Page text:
Pupo continued to carry on a media campaign for Commando Mambises, speaking of secret bases in the Caribbean and cells inside Cuba. The September 23 report on two raids to the Special Group was well received, although some security issues were mentioned.

Of course the raids gained a great deal of discussion within the Cuban community, especially given that none of its many leaders or groups had any idea of a group led by Pupo, of anyone who might be fighting with it or of any new bases. Following Special Group security reviews, new missions were authorized for October and November, the first which actually matched a list of raids actually approved by President Kennedy did not occur until October.

The JMWAVE Commando Mambisis missions, operating from Florida, continued through 1963 and on into 1964, even after being exposed to the media in a trap by Castro forces during a mission on October 21. During that mission, infiltration personnel previously inserted into Cuba were identified and monitored by Cuban forces, which then attacked during a pick up effort by the Rex. Two paramilitary personnel were killed, one wounded and four captured. The Rex managed to flee but was tracked back to Florida and as part of the Cuban response, its aircraft mistakenly strafed a U.S. flag bauxite freighter transiting the same coastal waters.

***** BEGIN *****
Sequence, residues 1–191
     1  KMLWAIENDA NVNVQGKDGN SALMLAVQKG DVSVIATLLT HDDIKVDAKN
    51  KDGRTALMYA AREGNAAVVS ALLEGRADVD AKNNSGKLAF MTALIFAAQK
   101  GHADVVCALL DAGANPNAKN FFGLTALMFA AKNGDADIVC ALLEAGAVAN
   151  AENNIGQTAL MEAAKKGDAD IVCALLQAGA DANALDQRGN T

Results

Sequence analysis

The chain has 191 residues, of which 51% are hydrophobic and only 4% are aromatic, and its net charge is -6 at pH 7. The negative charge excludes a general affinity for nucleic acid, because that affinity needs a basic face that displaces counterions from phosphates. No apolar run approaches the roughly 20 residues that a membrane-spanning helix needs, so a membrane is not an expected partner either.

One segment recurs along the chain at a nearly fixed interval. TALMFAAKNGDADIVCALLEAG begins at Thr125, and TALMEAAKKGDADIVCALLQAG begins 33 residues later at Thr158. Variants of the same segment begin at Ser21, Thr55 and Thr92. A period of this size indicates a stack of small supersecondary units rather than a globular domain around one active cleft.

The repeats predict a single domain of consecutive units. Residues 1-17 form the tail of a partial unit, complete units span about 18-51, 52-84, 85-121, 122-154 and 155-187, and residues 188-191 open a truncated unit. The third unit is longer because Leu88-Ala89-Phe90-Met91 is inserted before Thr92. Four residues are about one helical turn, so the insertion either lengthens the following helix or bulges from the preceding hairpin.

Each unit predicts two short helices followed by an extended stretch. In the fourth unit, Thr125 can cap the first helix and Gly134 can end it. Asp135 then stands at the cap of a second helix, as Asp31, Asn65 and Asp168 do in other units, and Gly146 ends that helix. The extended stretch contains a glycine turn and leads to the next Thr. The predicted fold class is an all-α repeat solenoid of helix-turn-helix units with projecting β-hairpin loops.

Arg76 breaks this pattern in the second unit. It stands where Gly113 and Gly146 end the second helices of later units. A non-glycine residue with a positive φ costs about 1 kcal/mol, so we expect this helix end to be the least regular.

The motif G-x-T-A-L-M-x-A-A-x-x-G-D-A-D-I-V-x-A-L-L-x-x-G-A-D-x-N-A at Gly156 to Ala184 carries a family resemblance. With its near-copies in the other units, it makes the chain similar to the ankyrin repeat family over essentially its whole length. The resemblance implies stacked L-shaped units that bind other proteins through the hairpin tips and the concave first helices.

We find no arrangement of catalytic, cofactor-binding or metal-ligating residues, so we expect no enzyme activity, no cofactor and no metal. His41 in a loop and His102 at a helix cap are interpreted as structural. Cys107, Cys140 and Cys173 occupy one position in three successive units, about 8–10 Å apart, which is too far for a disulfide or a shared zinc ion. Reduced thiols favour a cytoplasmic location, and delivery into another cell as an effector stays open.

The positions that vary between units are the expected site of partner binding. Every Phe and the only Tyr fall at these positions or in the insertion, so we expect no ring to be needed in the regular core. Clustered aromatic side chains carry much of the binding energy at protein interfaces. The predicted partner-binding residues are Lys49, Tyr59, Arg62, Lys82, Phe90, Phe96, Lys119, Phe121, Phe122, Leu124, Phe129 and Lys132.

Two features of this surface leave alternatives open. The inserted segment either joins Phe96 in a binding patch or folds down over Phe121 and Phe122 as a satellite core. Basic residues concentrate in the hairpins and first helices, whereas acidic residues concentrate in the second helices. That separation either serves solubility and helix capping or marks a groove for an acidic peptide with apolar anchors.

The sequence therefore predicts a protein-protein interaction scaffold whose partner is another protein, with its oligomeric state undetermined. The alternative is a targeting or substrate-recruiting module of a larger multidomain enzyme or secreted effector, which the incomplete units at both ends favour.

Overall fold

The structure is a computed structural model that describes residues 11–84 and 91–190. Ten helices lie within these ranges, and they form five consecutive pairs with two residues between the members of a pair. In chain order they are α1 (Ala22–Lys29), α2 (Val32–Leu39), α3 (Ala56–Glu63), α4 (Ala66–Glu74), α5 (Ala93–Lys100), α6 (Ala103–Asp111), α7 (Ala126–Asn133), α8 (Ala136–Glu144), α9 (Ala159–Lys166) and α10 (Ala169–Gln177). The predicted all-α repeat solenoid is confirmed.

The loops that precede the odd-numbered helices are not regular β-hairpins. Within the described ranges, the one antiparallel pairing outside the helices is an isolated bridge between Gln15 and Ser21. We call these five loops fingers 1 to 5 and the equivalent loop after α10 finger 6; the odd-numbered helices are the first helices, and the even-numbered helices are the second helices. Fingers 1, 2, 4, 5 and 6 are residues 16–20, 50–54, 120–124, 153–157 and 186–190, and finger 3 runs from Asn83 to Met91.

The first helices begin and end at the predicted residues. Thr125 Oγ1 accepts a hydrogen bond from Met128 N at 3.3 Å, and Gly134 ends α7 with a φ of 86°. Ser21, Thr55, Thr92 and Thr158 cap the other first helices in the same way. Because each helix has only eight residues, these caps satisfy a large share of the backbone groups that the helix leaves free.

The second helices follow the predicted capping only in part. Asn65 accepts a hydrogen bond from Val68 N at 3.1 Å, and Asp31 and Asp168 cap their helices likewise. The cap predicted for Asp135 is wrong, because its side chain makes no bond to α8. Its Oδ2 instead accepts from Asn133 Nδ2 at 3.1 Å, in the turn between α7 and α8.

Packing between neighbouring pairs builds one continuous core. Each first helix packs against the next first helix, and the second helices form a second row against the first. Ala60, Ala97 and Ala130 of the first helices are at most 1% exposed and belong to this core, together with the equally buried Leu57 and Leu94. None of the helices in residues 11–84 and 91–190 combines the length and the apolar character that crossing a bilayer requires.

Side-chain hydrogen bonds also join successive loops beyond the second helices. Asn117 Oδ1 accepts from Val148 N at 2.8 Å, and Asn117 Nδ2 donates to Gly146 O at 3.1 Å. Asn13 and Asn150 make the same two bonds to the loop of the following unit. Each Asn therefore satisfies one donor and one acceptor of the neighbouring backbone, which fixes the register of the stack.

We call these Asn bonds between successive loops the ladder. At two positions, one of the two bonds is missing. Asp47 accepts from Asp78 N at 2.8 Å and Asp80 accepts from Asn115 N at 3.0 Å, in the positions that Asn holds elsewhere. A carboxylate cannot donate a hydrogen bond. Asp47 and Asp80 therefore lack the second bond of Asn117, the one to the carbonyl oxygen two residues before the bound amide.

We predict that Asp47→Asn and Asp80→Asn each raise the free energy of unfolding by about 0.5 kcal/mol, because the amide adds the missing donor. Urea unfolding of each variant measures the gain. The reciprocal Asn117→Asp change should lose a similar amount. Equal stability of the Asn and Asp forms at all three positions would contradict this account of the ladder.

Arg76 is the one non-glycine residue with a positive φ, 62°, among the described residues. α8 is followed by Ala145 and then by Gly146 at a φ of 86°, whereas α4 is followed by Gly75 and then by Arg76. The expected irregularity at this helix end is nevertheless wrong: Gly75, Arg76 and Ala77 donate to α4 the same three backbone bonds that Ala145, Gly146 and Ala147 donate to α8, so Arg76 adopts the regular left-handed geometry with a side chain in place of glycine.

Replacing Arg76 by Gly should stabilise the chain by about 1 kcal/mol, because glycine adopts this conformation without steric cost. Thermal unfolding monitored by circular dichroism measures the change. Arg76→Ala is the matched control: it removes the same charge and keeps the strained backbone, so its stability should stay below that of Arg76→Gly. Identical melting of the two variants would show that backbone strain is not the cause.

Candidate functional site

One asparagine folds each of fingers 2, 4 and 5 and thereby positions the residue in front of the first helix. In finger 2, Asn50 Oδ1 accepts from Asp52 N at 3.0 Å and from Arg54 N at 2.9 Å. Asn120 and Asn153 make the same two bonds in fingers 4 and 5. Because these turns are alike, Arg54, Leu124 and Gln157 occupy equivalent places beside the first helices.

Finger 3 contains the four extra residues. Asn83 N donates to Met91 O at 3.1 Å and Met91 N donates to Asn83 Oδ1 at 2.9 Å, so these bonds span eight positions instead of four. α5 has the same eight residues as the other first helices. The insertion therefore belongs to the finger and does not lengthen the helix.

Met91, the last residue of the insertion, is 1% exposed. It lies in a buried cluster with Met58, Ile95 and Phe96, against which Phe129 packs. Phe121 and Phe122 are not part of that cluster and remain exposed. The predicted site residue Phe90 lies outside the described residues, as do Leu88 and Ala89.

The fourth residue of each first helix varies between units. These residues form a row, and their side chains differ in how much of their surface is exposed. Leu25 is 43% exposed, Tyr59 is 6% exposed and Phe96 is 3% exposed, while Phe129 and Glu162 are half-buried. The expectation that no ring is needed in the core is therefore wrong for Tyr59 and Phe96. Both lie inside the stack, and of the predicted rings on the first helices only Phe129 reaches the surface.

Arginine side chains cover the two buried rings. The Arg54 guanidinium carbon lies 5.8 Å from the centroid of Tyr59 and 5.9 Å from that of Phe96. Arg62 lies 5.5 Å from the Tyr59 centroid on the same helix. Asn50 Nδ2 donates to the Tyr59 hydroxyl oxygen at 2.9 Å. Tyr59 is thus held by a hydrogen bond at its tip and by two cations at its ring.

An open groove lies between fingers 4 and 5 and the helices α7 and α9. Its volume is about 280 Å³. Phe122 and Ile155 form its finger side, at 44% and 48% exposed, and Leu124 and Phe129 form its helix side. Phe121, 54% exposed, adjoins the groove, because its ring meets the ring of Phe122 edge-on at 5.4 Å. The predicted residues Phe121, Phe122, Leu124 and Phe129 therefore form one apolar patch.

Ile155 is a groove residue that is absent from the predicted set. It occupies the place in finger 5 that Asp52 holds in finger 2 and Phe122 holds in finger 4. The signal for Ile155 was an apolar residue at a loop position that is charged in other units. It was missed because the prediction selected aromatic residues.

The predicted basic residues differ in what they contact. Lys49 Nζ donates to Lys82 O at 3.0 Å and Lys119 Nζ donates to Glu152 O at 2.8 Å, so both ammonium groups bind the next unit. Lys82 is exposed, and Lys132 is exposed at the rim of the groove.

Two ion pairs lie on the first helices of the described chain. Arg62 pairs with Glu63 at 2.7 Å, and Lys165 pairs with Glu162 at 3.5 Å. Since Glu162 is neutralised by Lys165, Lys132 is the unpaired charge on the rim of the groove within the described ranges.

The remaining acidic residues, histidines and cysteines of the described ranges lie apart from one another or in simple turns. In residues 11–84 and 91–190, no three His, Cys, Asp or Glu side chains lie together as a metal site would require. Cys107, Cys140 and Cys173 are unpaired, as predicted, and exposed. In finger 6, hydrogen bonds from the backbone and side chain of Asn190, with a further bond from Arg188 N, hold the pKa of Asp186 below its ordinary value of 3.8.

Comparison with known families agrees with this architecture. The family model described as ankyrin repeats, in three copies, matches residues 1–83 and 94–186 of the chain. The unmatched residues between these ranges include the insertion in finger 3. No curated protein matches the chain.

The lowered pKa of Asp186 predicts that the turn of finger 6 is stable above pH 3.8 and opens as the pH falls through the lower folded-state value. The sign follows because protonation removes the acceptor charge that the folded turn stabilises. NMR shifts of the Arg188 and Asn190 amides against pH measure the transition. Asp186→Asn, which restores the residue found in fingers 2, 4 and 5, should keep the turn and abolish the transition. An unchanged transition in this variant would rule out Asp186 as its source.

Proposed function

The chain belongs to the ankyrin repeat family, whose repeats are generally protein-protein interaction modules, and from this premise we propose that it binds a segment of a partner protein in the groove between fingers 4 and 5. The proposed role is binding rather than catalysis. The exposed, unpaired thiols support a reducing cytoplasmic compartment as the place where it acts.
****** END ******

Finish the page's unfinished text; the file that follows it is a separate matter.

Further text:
Within days Castro had called out the U.S. involvement, identified the CIA ships and even broadcast the locations of the Florida ports from which they operated.[iii] Reporters flocked to those locations and broadcast extended interviews about the comings and goings of the “ghost ships”.[iv] In something of a fruitless effort, JMWAVE then “sold” the ships through cut outs, repainted and relocated them, while continuing with their missions and giving Castro the opportunity to call out the United States on their follow-on missions which continued under President Johnson.   

In just one more illustration of disconnects within the overall anti-Castro efforts, the Commando Mambisis missions were conducted at the same time that millions of dollars were being poured into the entirely separate and extremely deniable Artime/AMWORLD project, being established at bases around the Caribbean, an effort which did not launch its own boat missions until late spring 1963. While both were ultimately exposed, JMWAVE’s initiative was far more successful in actual raids and damage to Cuban assets.

[i] Cable, JMWAVE to Director, “Infiltrees”,

[ii] Don Bohning, The Castro Obsession, 161-163

[iii] Ibid, 164

[iv] “Castro Says USA used Raider Ship”,  AP Wire Service, October 31, 1963